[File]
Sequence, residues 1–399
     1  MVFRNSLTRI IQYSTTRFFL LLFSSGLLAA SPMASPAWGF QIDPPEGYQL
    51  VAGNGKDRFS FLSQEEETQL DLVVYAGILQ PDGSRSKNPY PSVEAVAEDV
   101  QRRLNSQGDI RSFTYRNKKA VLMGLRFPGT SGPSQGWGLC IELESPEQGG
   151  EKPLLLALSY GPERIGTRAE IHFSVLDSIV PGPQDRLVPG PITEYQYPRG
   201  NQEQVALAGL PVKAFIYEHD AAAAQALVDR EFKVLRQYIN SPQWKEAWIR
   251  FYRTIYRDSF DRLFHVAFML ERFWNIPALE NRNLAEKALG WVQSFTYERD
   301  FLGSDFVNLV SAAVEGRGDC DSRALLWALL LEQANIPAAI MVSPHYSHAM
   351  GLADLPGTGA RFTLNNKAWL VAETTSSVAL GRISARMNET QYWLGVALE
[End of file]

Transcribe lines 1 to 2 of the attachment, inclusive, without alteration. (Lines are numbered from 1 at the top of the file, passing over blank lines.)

Sequence, residues 1–399
     1  MVFRNSLTRI IQYSTTRFFL LLFSSGLLAA SPMASPAWGF QIDPPEGYQL